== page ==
This publication by SEWA (Self employed Womens Association), Ahmedabad, India and North South Dialogue, Germany, that examines poverty in a micro context with the methodology of an Exposure and Dialogue Programme (EDP) that is essentially an attempt to understand poverty first hand and record some of the factors that lead to the overcoming of it. The EDPs are used to assist understanding of the situation of SEWA members, appreciation of the womenÆs strengths, and to find strategies to overcome problems. The first part of the publication My home, my workplace: A life of struggle for security presents the story of Kamlaben Koshti, a bidi worker and SEWA leader in Ahmedabad derived from an EPD on Empowerment through organising in 1999. It examines the process leading up to the EDP, with aims of gather experiences that couldbe used for the World Development Report on Poverty, for designing exposures for politicians, and testing the exposure methods for SEWAÆs own purposes. It goes on to give account for the life history of Kamlaben with lessons to be learnt; analyse the relevance of KamlabenÆs life for SEWAÆs policy, programmes and macro policy; and examining the process of meeting Kmlaben and comprehending her life. The second part of the report Struggling for security illustrates the lives of Savitaben Jivanbhai Valand, a midwife in Vihchiya, and Jetunben Razak Sheik, agarbatti roller in Bapunagar, derived from an EPD in 2001. It looks at the life histories of the two women and reflects on exposure, reflection and dialogue as means to understand vulnerability and to learn about risk management.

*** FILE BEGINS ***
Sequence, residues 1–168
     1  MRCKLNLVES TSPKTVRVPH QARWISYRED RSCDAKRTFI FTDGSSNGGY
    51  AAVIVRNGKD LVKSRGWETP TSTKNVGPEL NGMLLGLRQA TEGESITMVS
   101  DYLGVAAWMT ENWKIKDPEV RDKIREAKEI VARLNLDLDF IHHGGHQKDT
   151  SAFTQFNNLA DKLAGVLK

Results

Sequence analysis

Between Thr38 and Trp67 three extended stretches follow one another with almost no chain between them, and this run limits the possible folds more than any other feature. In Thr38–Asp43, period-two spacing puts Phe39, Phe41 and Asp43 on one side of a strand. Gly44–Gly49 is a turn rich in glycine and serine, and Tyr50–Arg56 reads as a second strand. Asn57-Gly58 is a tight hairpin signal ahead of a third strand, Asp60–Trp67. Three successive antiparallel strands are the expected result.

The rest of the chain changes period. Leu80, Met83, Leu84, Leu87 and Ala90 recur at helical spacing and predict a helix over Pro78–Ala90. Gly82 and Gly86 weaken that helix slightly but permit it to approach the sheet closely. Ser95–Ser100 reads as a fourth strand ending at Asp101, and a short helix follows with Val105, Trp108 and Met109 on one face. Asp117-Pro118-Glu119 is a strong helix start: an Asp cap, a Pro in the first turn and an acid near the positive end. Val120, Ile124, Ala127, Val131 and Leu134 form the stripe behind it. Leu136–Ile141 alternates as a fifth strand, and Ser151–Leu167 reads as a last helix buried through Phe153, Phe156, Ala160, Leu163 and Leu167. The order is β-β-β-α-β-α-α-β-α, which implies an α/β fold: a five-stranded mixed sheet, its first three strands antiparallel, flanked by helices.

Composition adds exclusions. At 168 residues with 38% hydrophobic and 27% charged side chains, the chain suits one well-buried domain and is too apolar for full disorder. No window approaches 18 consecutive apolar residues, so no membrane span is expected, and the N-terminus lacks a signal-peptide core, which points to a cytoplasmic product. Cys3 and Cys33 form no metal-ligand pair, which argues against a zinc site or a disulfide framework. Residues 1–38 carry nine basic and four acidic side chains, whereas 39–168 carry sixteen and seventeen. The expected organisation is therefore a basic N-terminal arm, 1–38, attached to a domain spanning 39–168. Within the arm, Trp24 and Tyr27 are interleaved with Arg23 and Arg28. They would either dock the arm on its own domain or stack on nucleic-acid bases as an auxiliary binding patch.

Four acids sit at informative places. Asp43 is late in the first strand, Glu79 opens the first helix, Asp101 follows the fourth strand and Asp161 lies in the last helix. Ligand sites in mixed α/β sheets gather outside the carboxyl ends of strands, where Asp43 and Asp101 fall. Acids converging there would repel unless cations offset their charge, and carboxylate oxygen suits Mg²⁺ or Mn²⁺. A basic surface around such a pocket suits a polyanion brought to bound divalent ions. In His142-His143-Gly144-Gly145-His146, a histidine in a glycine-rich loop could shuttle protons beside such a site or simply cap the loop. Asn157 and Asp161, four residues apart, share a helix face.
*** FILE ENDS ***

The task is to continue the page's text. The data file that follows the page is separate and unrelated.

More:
The Source from which rivers flow: organising for local governance, poverty reduction and development